I've had a casual eye on the social audio space for a while now - there have been numerous apps that have worked on social media i.e. VoiceByte, which allows people to record an audio riff and post to Twitter. But none that I've seen are standalone real-time 'drop-in' chat apps, which is essentially what Clubhouse is.

Synchronous platform

VoiceByte and other social audio apps (Riffr, Chirp etc) are asynchronous, which means people can check in on them any time. Clubhouse, on the other hand, is a synchronous platform, so you have to be on the app to catch all the action.

What a room looks like on Clubhouse

 

There is no recording, everything takes place in real-time. Of course, this causes FOMO (fear of missing out), which in turn increases buzz for the app.

Should you be on Clubhouse?

While I generally advise my clients to concentrate on one social media channel (80% of effort), with a secondary network in your back pocket to have some fun on (20%) - I'm also a believer in getting out of your comfort zone and experimenting on social media, especially those channels that help you explore a new medium, in this case, audio.

Why?

Because I think it's important to keep up with developments in the digital space. Firstly, it keeps you fresh and relevant. Secondly, if you want to be seen as a progressive thought leader who shares valuable ideas with the world, then how you extend the reach of your voice and distribute your thoughts matters.

The best thing about building your personal brand on Clubhouse is that it's very authentic and organic. No selling, no pitching. Turn up and add value. Do it in a genuine way. Respect the audience. Get involved! This is 'old school' social media, and it can be very powerful.

Personally, I think Clubhouse is worth testing out, if only so you can start getting your head around how audio is being used on social. If the medium gets bigger - and it looks like it will - then you will be well-placed to take things up a notch if this is something you want to do.

If you'd like to give it a shot but need an invitation to join, let me know - I have a few invites to share.

More than Clubhouse

Worth noting: social audio is way more than Clubhouse. Sure, Clubhouse might be commanding all the attention (for now), but there are dozens of social audio companies lurking in the wings.

Digital thought leader, Jeremiah Owyang, describes social audio as the “Goldilocks” medium for the 2020s: "Text is not enough, and video is too much; social audio is just right". He might be on to something there!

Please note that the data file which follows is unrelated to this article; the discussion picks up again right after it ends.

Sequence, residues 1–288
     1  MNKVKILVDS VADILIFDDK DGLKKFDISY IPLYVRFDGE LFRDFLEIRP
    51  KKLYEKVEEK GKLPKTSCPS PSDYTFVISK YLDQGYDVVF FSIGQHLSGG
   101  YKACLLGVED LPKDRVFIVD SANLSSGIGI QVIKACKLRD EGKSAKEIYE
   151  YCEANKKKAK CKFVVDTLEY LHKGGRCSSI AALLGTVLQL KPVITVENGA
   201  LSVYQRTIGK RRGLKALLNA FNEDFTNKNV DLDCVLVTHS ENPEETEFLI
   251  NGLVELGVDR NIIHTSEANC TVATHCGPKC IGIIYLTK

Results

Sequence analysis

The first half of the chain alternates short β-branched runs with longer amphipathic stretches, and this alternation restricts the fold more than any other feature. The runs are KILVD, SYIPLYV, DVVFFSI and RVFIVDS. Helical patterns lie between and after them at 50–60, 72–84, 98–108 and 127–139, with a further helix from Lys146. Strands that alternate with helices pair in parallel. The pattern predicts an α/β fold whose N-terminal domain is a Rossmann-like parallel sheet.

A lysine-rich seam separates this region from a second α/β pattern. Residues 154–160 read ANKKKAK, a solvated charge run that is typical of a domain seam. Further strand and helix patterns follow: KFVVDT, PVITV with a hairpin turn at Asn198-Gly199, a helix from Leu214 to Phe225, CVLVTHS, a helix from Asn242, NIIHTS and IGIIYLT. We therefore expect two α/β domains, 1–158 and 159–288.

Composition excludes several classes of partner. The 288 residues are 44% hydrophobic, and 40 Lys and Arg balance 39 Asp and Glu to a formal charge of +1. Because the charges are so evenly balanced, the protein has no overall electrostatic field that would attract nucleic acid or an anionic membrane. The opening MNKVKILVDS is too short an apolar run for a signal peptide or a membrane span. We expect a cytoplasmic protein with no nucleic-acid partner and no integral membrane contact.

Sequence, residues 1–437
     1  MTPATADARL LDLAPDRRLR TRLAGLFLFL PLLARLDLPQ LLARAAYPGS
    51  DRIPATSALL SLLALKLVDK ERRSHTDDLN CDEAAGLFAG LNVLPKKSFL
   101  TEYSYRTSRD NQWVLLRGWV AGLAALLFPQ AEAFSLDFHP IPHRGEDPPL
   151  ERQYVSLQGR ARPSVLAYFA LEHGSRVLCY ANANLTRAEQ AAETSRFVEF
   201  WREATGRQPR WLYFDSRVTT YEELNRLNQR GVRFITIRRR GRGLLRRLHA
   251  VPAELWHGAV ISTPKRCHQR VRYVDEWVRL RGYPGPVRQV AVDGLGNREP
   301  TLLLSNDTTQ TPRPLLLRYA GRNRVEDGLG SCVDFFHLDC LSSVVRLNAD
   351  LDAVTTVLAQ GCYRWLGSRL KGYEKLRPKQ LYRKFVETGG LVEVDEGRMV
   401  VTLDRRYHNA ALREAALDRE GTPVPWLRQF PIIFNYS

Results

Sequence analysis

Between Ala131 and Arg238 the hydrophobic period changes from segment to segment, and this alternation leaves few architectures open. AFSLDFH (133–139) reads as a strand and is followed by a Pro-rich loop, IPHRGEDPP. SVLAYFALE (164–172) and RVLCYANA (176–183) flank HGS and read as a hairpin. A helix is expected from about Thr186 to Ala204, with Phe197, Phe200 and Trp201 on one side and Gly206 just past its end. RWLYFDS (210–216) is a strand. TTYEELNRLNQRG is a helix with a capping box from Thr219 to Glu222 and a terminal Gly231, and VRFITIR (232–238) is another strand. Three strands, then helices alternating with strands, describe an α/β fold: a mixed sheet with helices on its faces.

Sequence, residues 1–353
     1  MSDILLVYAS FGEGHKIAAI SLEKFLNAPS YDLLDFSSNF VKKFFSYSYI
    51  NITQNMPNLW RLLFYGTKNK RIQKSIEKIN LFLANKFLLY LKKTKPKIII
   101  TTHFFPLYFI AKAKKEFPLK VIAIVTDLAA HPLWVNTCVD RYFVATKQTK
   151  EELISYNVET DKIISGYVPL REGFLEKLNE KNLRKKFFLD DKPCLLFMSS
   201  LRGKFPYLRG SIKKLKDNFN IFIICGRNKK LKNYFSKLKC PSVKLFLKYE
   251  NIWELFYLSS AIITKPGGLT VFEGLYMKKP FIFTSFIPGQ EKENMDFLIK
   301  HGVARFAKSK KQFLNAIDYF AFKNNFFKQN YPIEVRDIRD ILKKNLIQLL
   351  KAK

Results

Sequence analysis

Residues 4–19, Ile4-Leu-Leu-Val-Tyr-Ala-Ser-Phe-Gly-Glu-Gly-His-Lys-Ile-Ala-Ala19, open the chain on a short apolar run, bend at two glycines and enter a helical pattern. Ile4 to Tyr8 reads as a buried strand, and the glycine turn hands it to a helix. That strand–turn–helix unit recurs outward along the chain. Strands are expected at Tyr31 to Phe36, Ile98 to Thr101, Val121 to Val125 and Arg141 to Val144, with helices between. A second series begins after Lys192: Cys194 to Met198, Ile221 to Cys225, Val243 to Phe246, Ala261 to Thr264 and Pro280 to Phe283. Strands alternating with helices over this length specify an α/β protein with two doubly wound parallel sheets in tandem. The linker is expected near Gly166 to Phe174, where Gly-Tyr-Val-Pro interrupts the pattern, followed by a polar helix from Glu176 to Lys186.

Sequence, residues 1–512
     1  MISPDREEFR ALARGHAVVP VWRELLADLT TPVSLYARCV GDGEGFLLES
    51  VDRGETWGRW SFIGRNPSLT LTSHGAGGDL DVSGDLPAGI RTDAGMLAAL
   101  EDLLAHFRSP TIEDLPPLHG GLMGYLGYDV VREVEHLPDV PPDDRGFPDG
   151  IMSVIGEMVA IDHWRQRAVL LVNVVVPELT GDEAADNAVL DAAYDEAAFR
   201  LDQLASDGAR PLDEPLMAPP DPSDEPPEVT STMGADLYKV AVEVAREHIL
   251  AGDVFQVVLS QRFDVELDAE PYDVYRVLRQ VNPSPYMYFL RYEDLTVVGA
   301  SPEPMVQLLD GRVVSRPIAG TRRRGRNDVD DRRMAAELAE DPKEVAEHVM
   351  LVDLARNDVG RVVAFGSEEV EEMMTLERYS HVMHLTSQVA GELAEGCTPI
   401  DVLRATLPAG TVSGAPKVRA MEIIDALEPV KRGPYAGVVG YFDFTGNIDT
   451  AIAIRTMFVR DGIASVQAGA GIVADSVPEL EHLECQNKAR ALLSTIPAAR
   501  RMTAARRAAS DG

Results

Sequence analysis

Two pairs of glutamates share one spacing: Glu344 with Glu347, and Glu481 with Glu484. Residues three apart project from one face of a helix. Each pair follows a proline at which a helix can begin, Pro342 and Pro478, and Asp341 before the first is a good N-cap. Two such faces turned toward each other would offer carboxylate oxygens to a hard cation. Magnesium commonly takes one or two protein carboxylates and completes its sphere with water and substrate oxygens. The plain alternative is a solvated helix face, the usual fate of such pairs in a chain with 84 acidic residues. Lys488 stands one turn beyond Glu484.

Want to delve deeper?

 

Twitter Spaces

Interestingly, on the day I take Clubhouse a bit more seriously, I start seeing some people on Twitter using Spaces - a social voice chat room that was announced some time back but only now looks like it's being rolled out.

The Spaces functionality has similarities to Clubhouse, but it's too early to tell how well it will be adopted by Twitter folk. 

Personally, I think Spaces has the potential to disrupt Clubhouse because of the massive user base that Twitter already has in place, but at the moment, Clubhouse is the place to be. Spaces is probably better suited to 'in the moment' riffs on topical issues, while Clubhouse is good for longer planned events. 

 

Write a business book in 90 days?

In the current episode of the REPUTATION REVOLUTION podcast, I chat with business journalist and book coach, Kath Walters, about how she helps her thought leader clients write a book ready for editing in just 90 days.

If you've just started thinking about writing a book to support your personal brand, or you've been thinking about it for a while, listening to this episode could be just what you need to get cracking!

You can listen to the full interview here. The audio quality is a bit sketchy due to poor internet connection, sorry about that :)

 

50 of the best social media tools selected by top marketers

Wow! This is one heck of a meaty list on the Content marketing Institute blog - check it out!

 

This quote got my attention

"Delegate everything, except your genius" - Cameron Herold (referring to entrepreneurs and thought leaders who are trying to grow a business)

 

Hit “reply”

I'm excited to be writing to you in this format. Let’s keep it personal!  I encourage you to hit “reply” and let me know what’s on your mind:

  • Got any thoughts regarding the content I’ve just sent you? Let me hear it!
  • Have a question? Ping it through!
  • Got a recommendation for an article, podcast, video or person-to-follow that you’d like to share, bring it on :)

Thanks for reading! Until next time ...


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Trevor Young | PR Warrior | Level 22 / 120 Spencer Street, Melbourne